As YouTube Pours $100 Million Into Original Content, Some Top Tips On Making It Big

As YouTube Pours $100 Million Into Original Content, Some Top Tips On Making It Big

From The Associated Press

YouTube has committed $100 million to 96 new video channels and has recruited top Hollywood talent to produce content. But the Google-owned site’s talent search is far from complete.

Here are a few tips on how to make it big on the world’s biggest video platform.


YouTube’s design changes mean that getting on the most-viewed list isn’t the ticket to stardom that it once was. That “Evolution of Dance” video that was YouTube’s most-watched clip for ages wouldn’t cut it in the new YouTube world.

Now, it’s all about getting people to subscribe to your videos. That means fans will know when you post a new video, which often translates to automatic views. Maker Studios cofounder Danny Zappin says most of a video’s views now occur in the first few weeks after release because subscribers have been waiting for them.


High-quality videos do better than slap-dash ones. That’s why Peter “NicePeter” Shukoff spends weeks researching each episode of “Epic Rap Battles of History” before getting in front of the camera.

Shukoff and partner Lloyd “Epic Lloyd” Ahlquist create videos that feature historic figures such as Benjamin Franklin, Shakespeare, and Genghis Kahn, debating — and berating — one another in hip-hop-inspired verse. The two creators use sampled beats from around the world, and craft their rap lyrics with mind-boggling precision.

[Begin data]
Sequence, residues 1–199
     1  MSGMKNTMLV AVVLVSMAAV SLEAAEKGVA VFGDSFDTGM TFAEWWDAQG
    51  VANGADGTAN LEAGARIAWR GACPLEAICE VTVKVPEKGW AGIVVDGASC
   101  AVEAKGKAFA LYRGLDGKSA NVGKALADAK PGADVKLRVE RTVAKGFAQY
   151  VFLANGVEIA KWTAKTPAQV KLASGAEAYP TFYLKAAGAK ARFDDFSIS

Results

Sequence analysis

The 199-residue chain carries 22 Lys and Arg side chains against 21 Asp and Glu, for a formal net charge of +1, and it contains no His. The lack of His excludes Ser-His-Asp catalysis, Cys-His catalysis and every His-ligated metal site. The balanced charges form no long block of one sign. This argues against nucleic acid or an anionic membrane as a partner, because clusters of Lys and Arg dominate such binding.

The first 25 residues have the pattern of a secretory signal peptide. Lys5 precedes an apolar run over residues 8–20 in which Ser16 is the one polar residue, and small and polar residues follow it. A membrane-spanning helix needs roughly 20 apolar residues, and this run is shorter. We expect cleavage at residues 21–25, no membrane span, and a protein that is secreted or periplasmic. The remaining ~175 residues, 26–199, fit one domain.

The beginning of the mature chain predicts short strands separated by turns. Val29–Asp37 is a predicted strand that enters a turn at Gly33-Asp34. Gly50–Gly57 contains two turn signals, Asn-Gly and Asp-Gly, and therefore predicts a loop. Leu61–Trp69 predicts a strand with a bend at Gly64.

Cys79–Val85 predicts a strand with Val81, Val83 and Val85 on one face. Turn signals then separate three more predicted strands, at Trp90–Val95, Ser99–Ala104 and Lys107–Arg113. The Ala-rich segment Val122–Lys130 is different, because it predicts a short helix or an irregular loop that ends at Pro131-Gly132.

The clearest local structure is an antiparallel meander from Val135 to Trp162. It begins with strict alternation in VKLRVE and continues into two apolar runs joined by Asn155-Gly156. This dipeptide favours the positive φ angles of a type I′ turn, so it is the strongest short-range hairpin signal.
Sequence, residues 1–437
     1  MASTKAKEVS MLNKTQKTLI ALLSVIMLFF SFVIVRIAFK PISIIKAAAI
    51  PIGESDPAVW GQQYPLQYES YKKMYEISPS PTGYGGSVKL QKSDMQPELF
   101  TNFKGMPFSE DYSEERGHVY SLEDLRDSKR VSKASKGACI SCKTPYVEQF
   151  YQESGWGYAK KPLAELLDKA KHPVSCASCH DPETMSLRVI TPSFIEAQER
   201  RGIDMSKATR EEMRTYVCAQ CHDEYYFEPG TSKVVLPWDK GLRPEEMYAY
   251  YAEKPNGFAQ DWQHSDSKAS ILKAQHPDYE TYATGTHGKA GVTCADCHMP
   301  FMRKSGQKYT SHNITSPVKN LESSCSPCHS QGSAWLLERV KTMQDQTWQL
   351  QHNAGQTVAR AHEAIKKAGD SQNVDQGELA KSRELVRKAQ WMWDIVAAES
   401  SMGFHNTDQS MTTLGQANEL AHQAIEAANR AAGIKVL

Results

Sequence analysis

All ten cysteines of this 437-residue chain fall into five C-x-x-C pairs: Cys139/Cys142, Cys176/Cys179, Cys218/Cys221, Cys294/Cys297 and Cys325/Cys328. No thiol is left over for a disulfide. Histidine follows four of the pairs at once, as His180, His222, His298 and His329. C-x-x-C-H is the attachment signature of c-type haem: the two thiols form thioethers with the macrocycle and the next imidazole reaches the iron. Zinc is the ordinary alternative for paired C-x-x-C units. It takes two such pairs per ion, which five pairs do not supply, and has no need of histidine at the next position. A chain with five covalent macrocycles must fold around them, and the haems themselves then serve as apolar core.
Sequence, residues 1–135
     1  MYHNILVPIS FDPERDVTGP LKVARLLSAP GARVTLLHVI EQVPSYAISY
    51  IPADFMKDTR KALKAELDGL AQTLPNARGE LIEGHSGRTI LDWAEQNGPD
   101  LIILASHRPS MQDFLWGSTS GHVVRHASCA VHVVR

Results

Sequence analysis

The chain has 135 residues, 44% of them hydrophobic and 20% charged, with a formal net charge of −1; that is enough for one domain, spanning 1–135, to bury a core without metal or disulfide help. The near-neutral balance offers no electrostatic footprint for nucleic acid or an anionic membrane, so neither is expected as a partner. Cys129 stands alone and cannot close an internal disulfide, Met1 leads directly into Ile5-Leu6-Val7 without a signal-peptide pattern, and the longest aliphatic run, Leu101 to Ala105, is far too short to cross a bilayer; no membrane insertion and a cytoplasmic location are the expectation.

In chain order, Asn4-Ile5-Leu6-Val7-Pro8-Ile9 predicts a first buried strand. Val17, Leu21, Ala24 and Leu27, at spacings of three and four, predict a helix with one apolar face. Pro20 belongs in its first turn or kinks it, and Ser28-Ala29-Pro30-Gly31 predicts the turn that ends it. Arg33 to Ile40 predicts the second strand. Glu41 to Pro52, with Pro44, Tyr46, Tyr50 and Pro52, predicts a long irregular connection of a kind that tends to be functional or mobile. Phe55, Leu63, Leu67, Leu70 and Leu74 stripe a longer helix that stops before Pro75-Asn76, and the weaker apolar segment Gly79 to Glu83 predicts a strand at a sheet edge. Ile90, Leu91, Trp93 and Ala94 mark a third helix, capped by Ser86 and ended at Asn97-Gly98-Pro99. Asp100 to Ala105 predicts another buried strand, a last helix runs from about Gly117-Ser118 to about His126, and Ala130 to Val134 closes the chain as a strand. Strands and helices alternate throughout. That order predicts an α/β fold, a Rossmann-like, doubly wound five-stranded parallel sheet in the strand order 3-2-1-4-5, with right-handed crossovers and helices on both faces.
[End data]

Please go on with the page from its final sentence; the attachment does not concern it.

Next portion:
You know the “p-brane” referred to in the first season’s smackdown between Albert Einstein and Stephen Hawking? It’s actually a multi-dimensional theoretical particle in the world of physics. Shukoff knew the reference would tickle some viewers, and it did.

“When you have an audience that big, there’s a lot of different kinds of people and a lot of different levels of understanding,” he says.


Many successful YouTube channel operators time their videos to hit the Web in the same way that an episodic series airs on regular television. Ray William Johnson puts up a new video every Tuesday and Friday. When he’s not there, he finds someone to fill in.

Maker’s Zappin also recommends not uploading new videos in the wee hours or early in the morning. Many YouTube fans are young, watching on mobile phones. “If you upload too early, they’re in school, so they may or may not see it,” he says.

This is an excerpt. Click here to read the full article in The Los Angeles Times.